I am ordering Italian bees. They are recommended as docile and hardy and the experienced beekeepers in our class all recommend them.

The bees will be in on April 11 and we have eight classes between now and then for me to learn everything I can.

Stay tuned!

21 comments:

The Texican said...

That is a real sissy hammer. I wouldn't show it to any carpenters. You can tell if you get real Italian bees by the sound of their buzz. American bee - buzz buzz buzz. Italian bee - buzza buzza buzza. Mom's brother is still alive and he is a recognized expert if you run into problems. Pappy

Beth said...

Thanks, Tex. I will have him on speed dial--tell him if he gets a call from the 207 area code and a woman is screaming on the other end--it's me in a bee induced panic.

Katie said...
This comment has been removed by the author.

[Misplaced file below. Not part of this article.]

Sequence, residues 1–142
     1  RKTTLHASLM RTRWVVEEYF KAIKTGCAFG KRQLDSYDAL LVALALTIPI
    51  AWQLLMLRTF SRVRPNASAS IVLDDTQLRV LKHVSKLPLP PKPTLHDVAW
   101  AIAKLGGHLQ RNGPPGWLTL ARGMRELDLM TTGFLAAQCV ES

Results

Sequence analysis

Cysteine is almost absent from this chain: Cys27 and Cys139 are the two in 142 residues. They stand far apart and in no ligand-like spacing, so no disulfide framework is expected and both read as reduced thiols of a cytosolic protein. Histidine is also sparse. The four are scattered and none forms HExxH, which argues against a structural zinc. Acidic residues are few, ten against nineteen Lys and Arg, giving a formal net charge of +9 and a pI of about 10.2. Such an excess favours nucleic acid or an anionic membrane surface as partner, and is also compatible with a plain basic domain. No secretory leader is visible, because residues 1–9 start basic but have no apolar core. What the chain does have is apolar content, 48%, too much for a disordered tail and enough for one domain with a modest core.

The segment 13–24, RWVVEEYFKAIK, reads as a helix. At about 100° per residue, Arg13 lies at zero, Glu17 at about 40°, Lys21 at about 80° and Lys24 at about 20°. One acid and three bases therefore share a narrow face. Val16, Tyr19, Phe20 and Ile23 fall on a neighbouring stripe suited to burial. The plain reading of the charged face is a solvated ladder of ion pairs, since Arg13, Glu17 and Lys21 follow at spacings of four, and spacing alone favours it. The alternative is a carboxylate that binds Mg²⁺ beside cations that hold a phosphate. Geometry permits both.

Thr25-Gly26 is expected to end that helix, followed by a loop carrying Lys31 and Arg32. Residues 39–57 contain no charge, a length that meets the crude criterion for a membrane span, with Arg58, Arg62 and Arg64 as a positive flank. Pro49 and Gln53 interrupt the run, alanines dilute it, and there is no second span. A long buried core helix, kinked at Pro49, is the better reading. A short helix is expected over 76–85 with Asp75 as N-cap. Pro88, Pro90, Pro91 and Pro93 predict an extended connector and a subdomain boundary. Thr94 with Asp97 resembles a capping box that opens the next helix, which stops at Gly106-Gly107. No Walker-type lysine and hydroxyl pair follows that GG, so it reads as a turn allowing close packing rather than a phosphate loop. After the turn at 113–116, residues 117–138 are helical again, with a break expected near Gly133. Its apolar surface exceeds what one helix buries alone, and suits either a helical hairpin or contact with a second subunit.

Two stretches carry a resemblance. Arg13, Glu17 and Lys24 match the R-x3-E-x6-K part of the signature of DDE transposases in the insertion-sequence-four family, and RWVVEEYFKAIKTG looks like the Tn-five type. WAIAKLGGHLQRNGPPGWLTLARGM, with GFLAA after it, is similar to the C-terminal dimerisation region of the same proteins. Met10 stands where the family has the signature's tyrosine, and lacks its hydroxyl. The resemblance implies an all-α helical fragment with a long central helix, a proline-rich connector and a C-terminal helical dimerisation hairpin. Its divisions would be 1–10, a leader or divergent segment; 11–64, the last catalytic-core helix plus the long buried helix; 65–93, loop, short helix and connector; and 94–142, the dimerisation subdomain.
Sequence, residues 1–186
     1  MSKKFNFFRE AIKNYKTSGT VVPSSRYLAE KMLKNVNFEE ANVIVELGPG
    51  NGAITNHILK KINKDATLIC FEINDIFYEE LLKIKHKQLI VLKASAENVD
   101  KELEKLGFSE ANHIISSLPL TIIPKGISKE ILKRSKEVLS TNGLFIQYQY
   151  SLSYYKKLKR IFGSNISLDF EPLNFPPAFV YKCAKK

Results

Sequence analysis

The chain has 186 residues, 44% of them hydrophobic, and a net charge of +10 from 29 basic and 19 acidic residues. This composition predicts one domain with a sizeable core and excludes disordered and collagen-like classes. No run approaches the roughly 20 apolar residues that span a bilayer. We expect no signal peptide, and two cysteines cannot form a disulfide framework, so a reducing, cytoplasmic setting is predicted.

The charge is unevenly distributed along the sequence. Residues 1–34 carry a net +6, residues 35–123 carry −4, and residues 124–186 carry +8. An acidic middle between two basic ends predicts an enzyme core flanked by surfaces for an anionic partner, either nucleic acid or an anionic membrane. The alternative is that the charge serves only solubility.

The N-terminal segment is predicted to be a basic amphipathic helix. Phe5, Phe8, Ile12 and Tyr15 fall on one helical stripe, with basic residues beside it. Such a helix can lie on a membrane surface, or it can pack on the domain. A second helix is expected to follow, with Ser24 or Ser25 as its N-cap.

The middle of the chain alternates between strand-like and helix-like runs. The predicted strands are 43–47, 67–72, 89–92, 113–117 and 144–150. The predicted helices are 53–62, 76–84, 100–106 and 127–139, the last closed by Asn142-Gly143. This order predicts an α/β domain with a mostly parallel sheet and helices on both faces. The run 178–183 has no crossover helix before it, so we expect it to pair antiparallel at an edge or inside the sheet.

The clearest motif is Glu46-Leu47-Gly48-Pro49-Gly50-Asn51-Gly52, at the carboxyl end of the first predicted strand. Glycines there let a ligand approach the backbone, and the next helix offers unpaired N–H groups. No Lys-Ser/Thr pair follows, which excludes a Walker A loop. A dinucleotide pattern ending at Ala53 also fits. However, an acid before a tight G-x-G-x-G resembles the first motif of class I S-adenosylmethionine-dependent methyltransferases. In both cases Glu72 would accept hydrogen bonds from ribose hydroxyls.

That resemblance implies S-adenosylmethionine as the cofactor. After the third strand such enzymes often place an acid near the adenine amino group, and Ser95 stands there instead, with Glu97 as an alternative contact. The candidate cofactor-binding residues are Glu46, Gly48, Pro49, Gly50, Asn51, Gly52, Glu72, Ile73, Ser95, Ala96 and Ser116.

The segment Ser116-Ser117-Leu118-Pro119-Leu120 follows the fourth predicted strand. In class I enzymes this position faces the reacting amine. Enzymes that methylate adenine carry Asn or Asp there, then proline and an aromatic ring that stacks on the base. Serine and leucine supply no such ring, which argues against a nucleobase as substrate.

Katie said...

Holy cow! You're ordering italian bees! Will we see your bees on a fly-by through the neighborhood? I wonder if our gardens will bloom a little fuller? Do italian bees prefer tomato and basil plants? (We still planning to plant a vegetable garden this summer, so inquiring minds need to know!)

Ruth said...

What a great hobby you are exploring. I had to laugh at your Winnie the Pooh reference. Proverbs 25:16 says, "If you find honey, eat just enough— too much of it, and you will vomit."
Solomon must have overindulged too!

Loveanewidea said...

This is such a cool new experience! Can't wait to hear all the stories about it as it progresses.

Beth said...